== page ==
A Surprisingly Successful Pre-Lawsuit Mediation

Nebraska Pastureland

By Donald L. Swanson

Nebraska statutes contain a Farm Mediation Act (Neb. Rev. Stat. § 2-4801 et seq).

This Act requires a creditor to send notice of a mediation opportunity before attempting to collect a defaulted farm loan.  The statute says:

“At least thirty days prior to the initiation of a proceeding on an agricultural debt in excess of forty thousand dollars, a creditor . . . shall provide written notice directly to the borrower of the availability of mediation.”

What happens after the notice is entirely voluntary.

A Surprising Development

In my early career, I view this mediation notice requirement as a mere formality: a compliance detail creditors must satisfy before suing on a delinquent farm debt.  I do not, back then, see mediation as a viable, problem-solving tool.

But my view on this changes – all in a single day.  The change happens like this.

I am retained (back in 1987 or so) by a rural bank to, (i) file a lawsuit against a farmer to collect a delinquent farm loan, and (ii) then represent the bank in the bankruptcy proceeding that will undoubtedly be filed in response.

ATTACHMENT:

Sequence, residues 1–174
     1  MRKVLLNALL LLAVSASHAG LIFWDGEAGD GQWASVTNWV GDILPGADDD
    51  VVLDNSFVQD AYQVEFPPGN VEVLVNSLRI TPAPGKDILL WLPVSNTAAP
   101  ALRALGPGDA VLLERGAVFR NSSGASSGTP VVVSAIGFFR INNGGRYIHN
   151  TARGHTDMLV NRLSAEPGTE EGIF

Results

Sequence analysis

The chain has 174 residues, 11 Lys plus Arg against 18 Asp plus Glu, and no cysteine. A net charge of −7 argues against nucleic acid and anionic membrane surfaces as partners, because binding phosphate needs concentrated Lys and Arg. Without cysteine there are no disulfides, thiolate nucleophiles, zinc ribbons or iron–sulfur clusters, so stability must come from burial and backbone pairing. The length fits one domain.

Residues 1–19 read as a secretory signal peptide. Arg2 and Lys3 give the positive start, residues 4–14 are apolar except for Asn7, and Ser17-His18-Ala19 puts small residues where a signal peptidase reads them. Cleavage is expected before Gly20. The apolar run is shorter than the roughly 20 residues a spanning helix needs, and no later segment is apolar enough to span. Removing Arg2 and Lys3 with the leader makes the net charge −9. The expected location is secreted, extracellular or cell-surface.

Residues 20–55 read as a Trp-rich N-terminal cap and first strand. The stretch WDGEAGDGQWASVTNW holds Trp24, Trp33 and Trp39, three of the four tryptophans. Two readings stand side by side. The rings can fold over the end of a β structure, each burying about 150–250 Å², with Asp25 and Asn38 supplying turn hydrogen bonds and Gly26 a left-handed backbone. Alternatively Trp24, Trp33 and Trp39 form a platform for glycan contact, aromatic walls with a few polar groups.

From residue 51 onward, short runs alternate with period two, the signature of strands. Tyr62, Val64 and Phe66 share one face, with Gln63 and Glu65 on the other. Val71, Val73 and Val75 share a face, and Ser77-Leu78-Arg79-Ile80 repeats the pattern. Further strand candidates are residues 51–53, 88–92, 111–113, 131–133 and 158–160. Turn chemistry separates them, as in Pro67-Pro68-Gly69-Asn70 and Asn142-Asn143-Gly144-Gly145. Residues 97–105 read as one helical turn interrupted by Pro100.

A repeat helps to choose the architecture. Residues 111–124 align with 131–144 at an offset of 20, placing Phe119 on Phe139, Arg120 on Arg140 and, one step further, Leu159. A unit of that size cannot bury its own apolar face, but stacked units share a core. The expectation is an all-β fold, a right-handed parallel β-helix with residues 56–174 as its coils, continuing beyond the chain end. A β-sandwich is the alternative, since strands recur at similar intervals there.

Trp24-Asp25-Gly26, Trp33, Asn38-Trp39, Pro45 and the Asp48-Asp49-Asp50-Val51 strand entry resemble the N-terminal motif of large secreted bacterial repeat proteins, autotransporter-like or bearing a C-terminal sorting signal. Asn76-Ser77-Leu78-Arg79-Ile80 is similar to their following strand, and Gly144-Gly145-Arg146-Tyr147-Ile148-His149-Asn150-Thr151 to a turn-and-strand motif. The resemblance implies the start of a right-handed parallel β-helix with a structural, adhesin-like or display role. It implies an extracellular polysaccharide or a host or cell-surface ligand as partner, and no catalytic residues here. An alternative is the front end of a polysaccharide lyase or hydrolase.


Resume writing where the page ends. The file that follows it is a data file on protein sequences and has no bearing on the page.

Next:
I send the mediation notice, as required by the above-quoted statute.  The farmer responds and wants to mediate.  A mediation session is scheduled.

In discussing the upcoming mediation with my client, I express doubts about the effectiveness of mediation.  And I opine that the mediation session will be a mere formality, with an exceedingly-low probability of achieving any resolution.

So, we agree that a bank officer will attend the mediation session with the bank’s home-town attorney – and that I won’t make the several-hour trip to attend.

Late in the afternoon of the mediation session day, I receive a telephone call from the bank officer (the call comes as a surprise because I did not calendar — and forgot about — the mediation session).

His first words are: “We settled the case!”

I remember being amazed . . . and baffled . . . and more-than-a-little embarrassed.  I say, in response, “That’s great!”  But what I’m really thinking is: “Oops!”  and “How did I miss this so badly?”


From that moment on, I’ve been a believer in mediation and its possibilities – even when prospects for settlement appear to be almost nil.  And this belief has proven, on multiple subsequent occasions, to be well-founded.



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